07 Jan What You Can Learn From J.K. Rowling About Thriving After Divorce
By Tonya Graser Smith
Happy New Year. When you’re getting divorced, you’re embarking on a new year, no matter the date on the calendar.
In helping clients through one of the most difficult times in their lives, I urge them to give themselves grace and take care of themselves. How else could you possibly survive when your world seems to be falling apart? The fact is you have nowhere to go but onward and upward. Be grateful that you are facing the challenge and starting a new chapter and a new year.
Consider what J.K. Rowling has said of her divorce: “Rock bottom became the solid foundation on which I built my life.” In 1993, Rowling separated from her first husband and moved from Portugal to Scotland with her baby daughter. In her suitcase: the first three chapters of what became the first installment of Harry Potter.
In honor of a new year and a new you, I offer these tips for how to better take care of yourself during and after divorce
- Meditate. Take as little as five minutes to let your mind rest. Try to pick the same time each day to meditate, so that it becomes part of your routine. If you need help making this a practice, look for an app to help. Simply Being, which is free, offers guided meditations to music or nature sounds. Headspace, another free guided meditation app, will send you reminders that it’s time to clear your head.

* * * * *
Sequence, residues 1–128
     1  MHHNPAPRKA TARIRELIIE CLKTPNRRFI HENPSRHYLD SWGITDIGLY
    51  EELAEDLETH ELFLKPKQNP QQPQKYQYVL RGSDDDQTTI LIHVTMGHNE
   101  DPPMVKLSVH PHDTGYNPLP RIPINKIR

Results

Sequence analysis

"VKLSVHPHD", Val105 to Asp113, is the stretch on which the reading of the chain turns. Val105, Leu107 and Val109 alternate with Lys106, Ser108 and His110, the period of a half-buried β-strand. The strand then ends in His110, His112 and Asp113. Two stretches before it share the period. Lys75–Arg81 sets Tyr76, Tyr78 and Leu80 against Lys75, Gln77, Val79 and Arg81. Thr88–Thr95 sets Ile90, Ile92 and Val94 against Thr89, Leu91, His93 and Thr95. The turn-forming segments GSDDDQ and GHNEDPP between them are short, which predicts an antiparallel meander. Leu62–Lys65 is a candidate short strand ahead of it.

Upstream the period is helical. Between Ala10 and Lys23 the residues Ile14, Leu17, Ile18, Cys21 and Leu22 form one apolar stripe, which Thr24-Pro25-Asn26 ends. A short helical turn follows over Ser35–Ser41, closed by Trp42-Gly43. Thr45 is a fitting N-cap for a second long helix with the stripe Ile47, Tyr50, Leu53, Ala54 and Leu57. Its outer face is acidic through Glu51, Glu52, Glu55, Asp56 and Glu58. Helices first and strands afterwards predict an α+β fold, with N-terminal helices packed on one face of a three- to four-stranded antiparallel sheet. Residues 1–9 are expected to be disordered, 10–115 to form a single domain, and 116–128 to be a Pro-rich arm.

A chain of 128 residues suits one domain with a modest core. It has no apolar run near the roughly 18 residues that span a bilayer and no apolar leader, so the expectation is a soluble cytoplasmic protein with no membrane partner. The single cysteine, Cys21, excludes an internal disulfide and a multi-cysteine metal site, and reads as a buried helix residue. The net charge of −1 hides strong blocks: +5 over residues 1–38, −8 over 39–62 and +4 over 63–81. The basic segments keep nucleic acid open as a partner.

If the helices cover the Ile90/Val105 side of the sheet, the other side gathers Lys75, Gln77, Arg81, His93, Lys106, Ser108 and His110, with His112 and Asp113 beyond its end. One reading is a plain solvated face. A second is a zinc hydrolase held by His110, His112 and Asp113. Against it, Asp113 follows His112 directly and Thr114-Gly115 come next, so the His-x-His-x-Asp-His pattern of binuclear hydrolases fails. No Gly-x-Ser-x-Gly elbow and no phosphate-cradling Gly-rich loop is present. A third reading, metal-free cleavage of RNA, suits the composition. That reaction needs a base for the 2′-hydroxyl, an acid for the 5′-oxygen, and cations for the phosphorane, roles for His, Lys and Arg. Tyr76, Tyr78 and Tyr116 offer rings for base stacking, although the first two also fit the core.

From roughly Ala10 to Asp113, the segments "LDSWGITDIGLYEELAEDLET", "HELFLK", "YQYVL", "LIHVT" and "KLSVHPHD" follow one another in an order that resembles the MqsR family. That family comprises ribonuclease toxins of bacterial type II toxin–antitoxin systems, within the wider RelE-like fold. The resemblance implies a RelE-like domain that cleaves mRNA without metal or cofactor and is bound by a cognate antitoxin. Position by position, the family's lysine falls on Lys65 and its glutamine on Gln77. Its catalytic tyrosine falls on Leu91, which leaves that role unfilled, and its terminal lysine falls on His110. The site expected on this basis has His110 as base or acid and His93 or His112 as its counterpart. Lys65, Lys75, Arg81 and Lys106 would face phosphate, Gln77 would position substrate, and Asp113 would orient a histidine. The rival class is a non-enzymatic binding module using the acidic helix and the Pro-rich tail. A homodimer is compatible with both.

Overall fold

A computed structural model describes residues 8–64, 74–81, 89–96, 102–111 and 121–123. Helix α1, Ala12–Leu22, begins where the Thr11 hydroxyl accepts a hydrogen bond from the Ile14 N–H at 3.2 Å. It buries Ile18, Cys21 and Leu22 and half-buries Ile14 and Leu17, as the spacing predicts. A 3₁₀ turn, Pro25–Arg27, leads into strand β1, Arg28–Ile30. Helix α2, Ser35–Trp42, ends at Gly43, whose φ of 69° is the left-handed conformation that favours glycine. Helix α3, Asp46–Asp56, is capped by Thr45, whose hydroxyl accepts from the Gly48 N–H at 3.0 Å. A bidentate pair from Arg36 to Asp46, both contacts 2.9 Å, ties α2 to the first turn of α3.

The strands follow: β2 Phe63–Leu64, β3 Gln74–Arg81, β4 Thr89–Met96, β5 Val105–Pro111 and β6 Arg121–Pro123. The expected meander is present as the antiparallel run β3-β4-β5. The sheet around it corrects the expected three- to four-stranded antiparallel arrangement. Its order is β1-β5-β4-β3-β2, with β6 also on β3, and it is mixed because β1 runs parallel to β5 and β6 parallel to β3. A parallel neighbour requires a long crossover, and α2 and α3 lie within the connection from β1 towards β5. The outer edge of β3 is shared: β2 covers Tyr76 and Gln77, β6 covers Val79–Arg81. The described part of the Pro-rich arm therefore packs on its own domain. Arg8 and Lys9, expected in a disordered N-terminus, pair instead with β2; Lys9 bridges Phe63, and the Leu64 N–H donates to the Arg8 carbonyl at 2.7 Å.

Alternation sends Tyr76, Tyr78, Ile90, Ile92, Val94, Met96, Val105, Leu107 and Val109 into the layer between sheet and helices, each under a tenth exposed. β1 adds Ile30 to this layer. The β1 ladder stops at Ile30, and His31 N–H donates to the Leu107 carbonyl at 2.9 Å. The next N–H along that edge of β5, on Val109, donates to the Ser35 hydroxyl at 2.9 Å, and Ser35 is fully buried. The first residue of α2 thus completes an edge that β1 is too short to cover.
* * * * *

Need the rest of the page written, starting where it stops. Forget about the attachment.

- Practice yoga. Yoga is like meditation meets exercise. It’s a great time to focus on nothing but your breath and being on your mat. You might have to try a few different classes and instructors until you find the one that speaks to you. It’s called practice for a reason; it’s not about being perfect each time.
- Reflect on one thing a day for which you’re grateful. Health. Friends and family. Naturally. But also perhaps hot coffee, Netflix or a good book. To keep gratitude top of mind, consider keeping a journal or saying a daily prayer or intention. There are also a lot of apps with daily gratitude reminders. And if you have kids, they might enjoy a dinner table ritual of “highs” and “lows,” in which everyone reports on the best and not-so-great parts of their day.
- Get outside. Run, bike, hike. Take a walk after dinner. Just get outside. There’s something about fresh air and nature that makes us feel happier and more centered. There’s something to the whole “Stop and smell the roses” thing.
- Write a thank you note. Has your tribe risen to the occasion during your divorce? Helping get the kids where they need to be? Bringing you dinner when you haven’t been able to cook? Go old school and thank your friends and family with handwritten thank you notes. It feels a lot better to write – and receive – than email.
- Do something to make someone else’s day. Be part of someone else’s tribe. Make time to take a friend to lunch. Surprise your neighbor with a bottle of wine. Send the teacher a small gift for tuning into what your child is going through.
And above all else, give yourself grace. This is your present, not your future. The new year is yours to make what you want of it.